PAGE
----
Multiple prime examples of this phenomenon are extensively discussed in The Big Conservation Lie, one of the most eye- opening books I’ve ever read. Written by journalist John Mbaria and carnivore ecologist Dr. Mordecai Ogada, the book denounces the persistent colonial legacy that still poisons the very core of wildlife conservation today. Taking their home country of Kenya as an example, the authors shatter the veil of self-sacrifice and alleged genuine compassion to expose the ugliest side of conservation in Africa, from the vested interests of foreign multi-million dollar companies to the substrate of racism and paternalism that lies beneath the apparently selfless and no-profit work of global NGOs like WWF (which was recently involved in a far-reaching human rights violation scandal). In short, Western conservation paradigms have turned wildlife into a marketable product whose existence depends on how much profit it can generate- that is, for those “heroes” who own the land and the animals themselves. Nowadays, the ever-present Western élite of landowners-turned-“conservationists” is often joined by equally wealthy and racially prejudiced figures from- among other places- the Middle East and China, who are wasting no time in appropriating, and profiting off, Africa’s wildlife (in a variety of ways).
Another deleterious consequence of such commodification of nature and profit-oriented conservation is the often complete, and even more often deliberate, alienation of local communities from their own natural heritage. In fact, neocolonialist dynamics are apparent when one faces the fact that all major “champions” of conservation in the eyes of the general public are invariably white Westerners, from Richard Leakey and Daphne Sheldrick all the way to Steve Irwin. To refer once more to The Big Conservation Lie, the message is that heroic white knights are devoting their lives to save Africa’s nature from African people- who, of course, are way too short-sighted and uncivilized to care for their native wildlife. Nobody would ever dare say this explicitly- on the contrary, most of the very people who personify this phenomenon genuinely believe there is no racism involved whatsoever. In the end, though, indigenous communities are forcibly displaced to make room for new nature reserves, their ancestral lands are privatized and sold to white investors who enjoy hefty revenues from tourism and trophy hunting, and native conservation practices born of traditional ecological knowledge are dismissed as “primitive” despite a centuries-long history of success.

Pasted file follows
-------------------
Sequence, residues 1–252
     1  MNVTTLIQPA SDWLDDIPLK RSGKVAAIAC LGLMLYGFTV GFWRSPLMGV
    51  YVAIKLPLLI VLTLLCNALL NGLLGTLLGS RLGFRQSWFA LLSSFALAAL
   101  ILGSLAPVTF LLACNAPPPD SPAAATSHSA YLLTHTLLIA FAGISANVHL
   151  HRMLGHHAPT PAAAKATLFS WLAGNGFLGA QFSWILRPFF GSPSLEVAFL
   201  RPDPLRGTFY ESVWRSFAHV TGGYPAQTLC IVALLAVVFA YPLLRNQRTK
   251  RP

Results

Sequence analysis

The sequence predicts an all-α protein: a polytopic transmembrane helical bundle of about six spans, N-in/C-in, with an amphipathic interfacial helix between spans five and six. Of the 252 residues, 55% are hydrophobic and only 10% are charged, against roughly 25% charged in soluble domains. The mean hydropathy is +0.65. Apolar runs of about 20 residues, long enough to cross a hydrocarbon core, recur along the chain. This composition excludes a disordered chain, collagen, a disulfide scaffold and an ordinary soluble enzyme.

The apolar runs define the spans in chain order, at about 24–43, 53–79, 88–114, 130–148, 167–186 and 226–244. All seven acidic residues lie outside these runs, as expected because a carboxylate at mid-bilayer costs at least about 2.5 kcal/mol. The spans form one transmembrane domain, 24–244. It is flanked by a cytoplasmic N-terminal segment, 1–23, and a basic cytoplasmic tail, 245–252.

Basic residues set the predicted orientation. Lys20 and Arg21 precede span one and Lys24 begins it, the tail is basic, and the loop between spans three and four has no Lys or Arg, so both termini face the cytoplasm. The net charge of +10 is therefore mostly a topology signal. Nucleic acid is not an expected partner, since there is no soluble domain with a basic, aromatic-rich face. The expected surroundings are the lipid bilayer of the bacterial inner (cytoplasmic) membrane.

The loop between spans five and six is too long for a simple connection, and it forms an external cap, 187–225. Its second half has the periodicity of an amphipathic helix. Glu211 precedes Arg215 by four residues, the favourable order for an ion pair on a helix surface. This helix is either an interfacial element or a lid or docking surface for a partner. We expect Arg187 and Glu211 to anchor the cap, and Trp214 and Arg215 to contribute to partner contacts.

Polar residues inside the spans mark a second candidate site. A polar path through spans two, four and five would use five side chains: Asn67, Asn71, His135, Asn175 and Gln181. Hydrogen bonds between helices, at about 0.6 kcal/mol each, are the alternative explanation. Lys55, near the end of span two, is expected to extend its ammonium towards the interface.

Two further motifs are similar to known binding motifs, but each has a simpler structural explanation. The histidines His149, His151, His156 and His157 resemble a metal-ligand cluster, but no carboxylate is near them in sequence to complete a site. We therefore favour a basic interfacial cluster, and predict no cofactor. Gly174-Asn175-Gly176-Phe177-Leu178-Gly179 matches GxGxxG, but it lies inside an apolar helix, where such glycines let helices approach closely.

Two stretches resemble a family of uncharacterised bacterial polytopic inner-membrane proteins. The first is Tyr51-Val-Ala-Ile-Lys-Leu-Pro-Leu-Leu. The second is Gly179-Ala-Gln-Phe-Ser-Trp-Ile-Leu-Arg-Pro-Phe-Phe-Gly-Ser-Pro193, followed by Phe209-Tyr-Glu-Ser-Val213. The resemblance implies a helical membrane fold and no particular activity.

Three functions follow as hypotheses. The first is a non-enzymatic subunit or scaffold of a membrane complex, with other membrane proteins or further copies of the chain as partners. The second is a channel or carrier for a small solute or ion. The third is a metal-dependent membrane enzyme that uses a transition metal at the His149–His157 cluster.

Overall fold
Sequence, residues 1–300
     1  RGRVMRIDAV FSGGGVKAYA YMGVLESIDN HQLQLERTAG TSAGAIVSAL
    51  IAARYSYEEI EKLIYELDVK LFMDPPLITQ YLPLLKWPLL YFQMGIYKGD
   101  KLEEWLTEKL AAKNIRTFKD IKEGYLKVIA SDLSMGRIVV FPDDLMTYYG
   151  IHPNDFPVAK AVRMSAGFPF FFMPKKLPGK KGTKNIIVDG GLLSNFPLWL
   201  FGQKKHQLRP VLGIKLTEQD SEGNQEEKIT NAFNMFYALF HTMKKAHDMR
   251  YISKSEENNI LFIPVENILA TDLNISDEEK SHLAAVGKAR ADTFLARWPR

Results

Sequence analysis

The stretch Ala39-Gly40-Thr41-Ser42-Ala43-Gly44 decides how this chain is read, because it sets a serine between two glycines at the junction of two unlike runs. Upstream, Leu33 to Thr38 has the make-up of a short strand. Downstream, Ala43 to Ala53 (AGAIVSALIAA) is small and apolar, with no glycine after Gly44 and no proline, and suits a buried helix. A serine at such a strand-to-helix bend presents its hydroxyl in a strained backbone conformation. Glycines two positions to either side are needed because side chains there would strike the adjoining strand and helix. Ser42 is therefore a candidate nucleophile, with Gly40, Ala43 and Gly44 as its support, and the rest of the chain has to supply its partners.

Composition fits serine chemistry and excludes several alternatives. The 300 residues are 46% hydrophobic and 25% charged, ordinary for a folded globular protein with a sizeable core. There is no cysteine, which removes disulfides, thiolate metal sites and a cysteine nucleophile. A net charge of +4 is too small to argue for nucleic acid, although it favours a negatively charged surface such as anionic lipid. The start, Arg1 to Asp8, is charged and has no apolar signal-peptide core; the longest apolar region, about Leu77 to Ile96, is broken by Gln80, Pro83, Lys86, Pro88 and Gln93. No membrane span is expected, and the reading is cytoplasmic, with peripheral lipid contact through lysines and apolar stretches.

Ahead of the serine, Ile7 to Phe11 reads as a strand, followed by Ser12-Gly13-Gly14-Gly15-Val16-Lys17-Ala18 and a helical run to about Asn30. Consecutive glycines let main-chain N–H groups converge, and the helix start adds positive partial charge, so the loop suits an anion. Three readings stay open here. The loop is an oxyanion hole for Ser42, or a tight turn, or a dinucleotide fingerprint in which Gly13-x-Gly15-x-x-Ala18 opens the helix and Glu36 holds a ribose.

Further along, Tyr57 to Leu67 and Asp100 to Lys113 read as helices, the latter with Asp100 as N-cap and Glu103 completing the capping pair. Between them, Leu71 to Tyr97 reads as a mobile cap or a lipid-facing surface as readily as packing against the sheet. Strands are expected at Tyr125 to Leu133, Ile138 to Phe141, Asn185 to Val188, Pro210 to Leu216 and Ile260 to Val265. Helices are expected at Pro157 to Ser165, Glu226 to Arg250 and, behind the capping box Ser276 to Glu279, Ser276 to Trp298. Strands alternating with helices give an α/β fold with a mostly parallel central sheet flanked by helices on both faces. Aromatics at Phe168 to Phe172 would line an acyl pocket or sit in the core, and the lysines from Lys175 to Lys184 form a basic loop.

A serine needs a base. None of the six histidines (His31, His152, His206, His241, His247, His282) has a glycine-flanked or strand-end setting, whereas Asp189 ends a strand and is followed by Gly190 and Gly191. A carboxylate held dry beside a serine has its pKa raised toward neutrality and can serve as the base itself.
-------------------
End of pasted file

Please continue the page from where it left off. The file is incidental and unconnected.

At the entrance, we were greeted by a ranger who escorted us all the way to the campsite in the middle of the bushveld. The landscape was simply a delight, much less so the rocky terrain that caused our vehicle to bounce constantly- but it was well worth the experience of diving into such a beautiful scenery. The bushveld ecosystem is dominated by bushes and shrubs, but short trees abound as well, providing food for a great variety of herbivores. Clearly, the reserve was benefitting at least some of the wildlife in terms of protection and preservation of habitat. It is not my intention here to outright deny the contribution of protected lands to conservation (which would be simply absurd), but rather to point out that the “fortress protected area” model whereby nobody bar wealthy foreigners is allowed to make use of wildlife and/or land (no matter how sustainably) is obsolete and harmful to local communities to an extent that simply can’t be overlooked in the name of conservation. Sure, conservation can be forcibly imposed onto people and still succeed in terms of wildlife recovery and/or profit. However, we can- in fact, we must– no longer pretend that “there is no other way” or that “wildlife is the only thing that matters”.
My train of thoughts was abruptly interrupted when we spotted a small herd of impalas (Aepyceros melampus) quietly grazing the scarce patches of grass that managed to grow in winter. These elegant antelopes are one of the most common species found in the savanna, yet they appeared more than unique to an eye that had only seen them in documentaries before. They did not run away when the big, roaring vehicle passed next to them, allowing us to snap a couple of pictures before moving on.